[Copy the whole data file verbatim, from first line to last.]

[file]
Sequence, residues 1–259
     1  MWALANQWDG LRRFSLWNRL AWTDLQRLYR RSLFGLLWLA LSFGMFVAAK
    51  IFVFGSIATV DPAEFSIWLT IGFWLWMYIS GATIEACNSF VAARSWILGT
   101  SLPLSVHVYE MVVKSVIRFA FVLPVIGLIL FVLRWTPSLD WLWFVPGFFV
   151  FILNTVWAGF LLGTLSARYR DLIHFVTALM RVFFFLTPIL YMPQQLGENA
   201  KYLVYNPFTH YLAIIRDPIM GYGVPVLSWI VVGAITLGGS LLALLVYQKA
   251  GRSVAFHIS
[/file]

Sequence, residues 1–259
     1  MWALANQWDG LRRFSLWNRL AWTDLQRLYR RSLFGLLWLA LSFGMFVAAK
    51  IFVFGSIATV DPAEFSIWLT IGFWLWMYIS GATIEACNSF VAARSWILGT
   101  SLPLSVHVYE MVVKSVIRFA FVLPVIGLIL FVLRWTPSLD WLWFVPGFFV
   151  FILNTVWAGF LLGTLSARYR DLIHFVTALM RVFFFLTPIL YMPQQLGENA
   201  KYLVYNPFTH YLAIIRDPIM GYGVPVLSWI VVGAITLGGS LLALLVYQKA
   251  GRSVAFHIS